CIMB Group Holdings Bhd's 97.9% indirect subsidiary in Indonesia, CIMB Niaga, has recorded a 30% increase in net profit to 3.10 trillion rupiah (RM986.6mil) for the nine-month ended Sept 30, from the previous corresponding period driven by an increase in total operating income.

This translates to earnings per share (EPS) of 123.42 rupiah, from 95.10 rupiah a year earlier.

Total operating income increased by 25% to 9.59 trillion rupiah as at Sept 30 from a year ago with corporate, commercial, and treasury operations being the largest contributors.

CIMB Niaga president director Arwin Rasyid said that Indonesia's relatively stable economy had a positive impact on the bank's performance, particularly in the disbursement of loans.

For the period under review, loans grew by 14% to 138.91 trillion rupiah from a year ago.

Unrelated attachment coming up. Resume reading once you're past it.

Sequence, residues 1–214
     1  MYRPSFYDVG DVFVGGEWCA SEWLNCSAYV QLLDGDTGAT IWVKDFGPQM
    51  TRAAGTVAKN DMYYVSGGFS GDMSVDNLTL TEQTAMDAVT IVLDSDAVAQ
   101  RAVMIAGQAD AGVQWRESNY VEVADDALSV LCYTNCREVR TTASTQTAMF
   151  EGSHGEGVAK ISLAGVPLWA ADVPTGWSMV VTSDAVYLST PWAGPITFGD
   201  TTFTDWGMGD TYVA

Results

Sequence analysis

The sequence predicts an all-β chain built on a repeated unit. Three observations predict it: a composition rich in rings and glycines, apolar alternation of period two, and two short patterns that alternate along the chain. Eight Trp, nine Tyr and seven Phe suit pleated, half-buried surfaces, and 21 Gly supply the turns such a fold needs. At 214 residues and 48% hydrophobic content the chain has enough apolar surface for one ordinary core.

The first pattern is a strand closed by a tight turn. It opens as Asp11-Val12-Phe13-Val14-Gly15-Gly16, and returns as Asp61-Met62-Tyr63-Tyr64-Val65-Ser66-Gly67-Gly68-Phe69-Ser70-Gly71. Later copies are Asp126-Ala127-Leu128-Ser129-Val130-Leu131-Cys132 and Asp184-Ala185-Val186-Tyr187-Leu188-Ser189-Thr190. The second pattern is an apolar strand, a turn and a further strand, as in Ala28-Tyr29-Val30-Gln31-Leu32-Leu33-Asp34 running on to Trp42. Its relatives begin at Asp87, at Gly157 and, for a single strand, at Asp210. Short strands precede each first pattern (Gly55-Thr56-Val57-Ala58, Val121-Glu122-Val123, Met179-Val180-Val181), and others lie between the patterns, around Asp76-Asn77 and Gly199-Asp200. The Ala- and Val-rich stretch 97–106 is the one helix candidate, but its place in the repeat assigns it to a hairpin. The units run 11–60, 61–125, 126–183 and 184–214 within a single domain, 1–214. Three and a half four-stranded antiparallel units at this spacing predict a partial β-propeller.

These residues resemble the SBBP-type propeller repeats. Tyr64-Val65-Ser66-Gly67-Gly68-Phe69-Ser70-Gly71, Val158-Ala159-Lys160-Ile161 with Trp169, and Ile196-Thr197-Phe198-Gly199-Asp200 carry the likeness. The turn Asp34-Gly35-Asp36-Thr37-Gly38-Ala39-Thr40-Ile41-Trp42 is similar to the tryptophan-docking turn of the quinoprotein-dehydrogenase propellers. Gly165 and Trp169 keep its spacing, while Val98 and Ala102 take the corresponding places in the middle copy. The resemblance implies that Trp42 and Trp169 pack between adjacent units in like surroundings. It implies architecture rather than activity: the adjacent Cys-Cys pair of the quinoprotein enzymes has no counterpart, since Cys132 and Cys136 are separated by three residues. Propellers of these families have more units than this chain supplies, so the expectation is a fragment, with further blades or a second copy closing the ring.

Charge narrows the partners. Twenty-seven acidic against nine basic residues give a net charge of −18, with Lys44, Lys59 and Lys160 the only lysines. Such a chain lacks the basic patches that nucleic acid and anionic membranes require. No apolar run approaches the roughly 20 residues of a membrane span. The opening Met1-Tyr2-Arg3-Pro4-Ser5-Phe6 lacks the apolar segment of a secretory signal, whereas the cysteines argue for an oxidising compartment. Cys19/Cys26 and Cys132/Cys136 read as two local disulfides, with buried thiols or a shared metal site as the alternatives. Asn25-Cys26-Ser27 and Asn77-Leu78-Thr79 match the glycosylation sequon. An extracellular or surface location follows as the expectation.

“The loans growth was contributed by commercial banking (including syariah), consumer banking, and corporate banking, which grew by 28%, 7%, and 5%, respectively on a year on year basis. They contributed 59.12 trillion rupiah, 38.95 trillion rupiah and 40.84 trillion rupiah to CIMB Niaga's total loan, respectively” said Arwin in statement yesterday.

A number of CIMB Niaga's businesses, Arwin said, showed impressive lending and financing growth.

These included personal loans, a product the bank introduced in May last year with such loans reaching 851 billion rupiah by end-September, up significantly by 325% from last year.

Another unit listing strong growth was the syariah financing business, which grew 117% to 6.13 trillion rupiah for the period under review.

“The catalyst to our syariah growth was the loan-to-value policy imposed on conventional banks,” Arwin said.